It seems that way if you’re into comics and its related layers of information. If you look at the message boards and forums and really do some math you’ll find that there are a handful or two of the same posters just posting over and over. Of course you’ll get some folks that will say that there’s a huge amount of “lurkers” that read, but just don’t post. I’m sure it’s true that there are more that read than post, but like a print publisher boasting of their circulation numbers the art of creative math is even more out of control with “hits”, “visits” and so on with websites. If you believe everyone tells you the truth then you’re just lying to yourself.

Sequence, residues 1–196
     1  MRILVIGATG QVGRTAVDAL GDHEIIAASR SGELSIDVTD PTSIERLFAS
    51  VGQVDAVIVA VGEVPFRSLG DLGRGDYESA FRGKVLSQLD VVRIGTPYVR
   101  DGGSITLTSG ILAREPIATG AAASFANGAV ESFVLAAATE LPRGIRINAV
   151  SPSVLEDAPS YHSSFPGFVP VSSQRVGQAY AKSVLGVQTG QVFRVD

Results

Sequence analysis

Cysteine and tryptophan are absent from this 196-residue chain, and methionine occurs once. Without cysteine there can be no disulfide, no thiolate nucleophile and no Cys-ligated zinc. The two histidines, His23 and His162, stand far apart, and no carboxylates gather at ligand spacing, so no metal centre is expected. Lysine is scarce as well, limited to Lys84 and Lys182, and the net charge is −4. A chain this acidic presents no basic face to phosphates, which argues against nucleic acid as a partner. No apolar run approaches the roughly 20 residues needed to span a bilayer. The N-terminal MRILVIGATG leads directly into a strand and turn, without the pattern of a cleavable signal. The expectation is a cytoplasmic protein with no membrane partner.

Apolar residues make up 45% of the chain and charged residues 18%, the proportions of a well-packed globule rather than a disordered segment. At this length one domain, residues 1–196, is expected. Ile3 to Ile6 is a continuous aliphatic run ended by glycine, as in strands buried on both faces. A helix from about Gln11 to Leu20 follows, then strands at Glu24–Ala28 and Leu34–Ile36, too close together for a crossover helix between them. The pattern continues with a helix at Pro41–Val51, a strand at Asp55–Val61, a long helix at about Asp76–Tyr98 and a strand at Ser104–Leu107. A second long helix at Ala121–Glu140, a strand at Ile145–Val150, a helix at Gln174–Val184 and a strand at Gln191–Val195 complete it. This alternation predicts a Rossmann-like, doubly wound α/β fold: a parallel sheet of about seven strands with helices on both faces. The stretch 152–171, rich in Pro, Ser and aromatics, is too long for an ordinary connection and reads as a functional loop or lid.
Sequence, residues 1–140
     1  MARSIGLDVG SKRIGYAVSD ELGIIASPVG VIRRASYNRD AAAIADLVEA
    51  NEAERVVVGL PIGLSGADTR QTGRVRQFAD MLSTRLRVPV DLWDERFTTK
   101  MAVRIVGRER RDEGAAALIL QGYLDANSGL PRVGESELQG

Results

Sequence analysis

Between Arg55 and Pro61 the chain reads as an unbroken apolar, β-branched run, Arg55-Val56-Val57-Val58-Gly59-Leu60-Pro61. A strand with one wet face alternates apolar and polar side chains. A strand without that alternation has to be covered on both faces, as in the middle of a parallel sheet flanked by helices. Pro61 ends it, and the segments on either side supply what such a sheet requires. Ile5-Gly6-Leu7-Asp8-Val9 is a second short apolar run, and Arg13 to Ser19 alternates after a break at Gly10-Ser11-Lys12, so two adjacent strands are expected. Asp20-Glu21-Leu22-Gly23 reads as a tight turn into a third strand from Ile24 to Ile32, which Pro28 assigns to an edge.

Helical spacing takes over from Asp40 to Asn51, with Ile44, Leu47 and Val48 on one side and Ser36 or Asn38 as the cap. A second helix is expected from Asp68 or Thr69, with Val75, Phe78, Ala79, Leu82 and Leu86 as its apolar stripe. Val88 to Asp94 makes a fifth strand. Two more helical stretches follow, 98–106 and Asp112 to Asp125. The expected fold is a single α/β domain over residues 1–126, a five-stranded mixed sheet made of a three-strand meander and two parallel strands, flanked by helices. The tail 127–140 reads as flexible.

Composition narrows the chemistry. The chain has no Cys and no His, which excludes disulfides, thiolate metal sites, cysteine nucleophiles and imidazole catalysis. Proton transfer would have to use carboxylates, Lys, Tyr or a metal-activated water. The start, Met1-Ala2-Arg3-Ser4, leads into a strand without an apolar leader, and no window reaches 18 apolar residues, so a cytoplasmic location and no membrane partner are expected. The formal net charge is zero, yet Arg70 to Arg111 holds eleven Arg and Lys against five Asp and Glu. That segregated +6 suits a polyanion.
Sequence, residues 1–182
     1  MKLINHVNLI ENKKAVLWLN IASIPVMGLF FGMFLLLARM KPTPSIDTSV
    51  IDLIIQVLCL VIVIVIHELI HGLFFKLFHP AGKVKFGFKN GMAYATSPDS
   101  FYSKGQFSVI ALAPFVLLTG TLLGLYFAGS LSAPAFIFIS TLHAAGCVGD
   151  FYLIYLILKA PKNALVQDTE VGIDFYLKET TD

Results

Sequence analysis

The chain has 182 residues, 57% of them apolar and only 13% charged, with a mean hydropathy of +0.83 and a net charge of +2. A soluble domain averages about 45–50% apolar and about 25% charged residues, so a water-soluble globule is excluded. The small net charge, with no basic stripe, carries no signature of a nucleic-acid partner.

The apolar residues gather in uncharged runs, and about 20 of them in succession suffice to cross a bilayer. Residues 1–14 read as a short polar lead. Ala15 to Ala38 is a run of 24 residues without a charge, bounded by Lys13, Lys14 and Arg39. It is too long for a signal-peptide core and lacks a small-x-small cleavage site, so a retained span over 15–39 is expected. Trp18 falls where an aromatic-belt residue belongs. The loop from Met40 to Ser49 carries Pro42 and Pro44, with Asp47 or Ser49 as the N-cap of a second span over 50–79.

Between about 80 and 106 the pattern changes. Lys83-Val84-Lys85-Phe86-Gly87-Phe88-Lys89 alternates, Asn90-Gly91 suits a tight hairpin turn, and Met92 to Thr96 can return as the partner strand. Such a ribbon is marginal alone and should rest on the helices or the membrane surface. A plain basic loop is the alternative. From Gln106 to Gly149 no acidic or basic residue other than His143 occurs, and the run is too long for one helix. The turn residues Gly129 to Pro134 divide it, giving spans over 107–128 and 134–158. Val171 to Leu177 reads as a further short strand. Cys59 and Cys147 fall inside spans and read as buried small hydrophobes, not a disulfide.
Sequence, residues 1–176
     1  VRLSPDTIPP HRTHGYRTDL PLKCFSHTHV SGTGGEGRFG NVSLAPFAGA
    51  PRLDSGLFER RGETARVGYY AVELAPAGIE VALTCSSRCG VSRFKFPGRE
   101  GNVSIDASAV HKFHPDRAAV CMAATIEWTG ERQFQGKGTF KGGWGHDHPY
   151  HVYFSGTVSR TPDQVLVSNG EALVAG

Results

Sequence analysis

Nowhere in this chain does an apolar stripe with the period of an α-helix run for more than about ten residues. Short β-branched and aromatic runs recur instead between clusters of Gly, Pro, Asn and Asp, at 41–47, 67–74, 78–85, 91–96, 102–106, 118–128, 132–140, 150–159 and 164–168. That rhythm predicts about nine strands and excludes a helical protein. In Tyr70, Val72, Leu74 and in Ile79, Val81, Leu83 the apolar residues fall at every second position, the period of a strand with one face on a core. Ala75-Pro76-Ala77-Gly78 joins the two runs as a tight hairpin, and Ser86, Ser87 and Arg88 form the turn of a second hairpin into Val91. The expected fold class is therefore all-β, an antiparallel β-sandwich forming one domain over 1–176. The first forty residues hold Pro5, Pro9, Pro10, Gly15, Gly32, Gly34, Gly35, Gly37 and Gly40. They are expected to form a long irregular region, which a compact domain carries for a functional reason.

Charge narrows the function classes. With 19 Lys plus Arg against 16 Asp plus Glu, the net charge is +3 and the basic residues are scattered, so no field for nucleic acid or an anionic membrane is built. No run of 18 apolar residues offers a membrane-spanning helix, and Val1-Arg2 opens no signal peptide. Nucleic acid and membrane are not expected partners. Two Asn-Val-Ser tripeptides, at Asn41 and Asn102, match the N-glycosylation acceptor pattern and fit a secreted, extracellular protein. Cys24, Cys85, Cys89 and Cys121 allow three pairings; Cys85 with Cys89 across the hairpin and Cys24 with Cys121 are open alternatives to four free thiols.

One side seems to be repulsed that there is overt sex, politics, and religion in some mainstream comics and their characters. The other side is just as outraged that others want to sweep real life sex, politics and religion under a four-color carpet. “Kids don’t need to see this stuff”. “Kids do need to see this stuff, you can’t shelter them from life”. Pick a quote. You see them both all the time. The thing that both sides are missing is that THERE ARE NO YOUNG KIDS READING MAINSTREAM COMICS. There won’t be unless things are changed and expanded.
Okay, I take that back?there might be a couple, but closer to none than a lot, and by mainstream comics I mean the superhero ones.
Here are some points that I’d like to make: (more realistically, my thoughts and opinions pulled from information taken, given and researched by me through this column and other sources from my 20 years in this business.)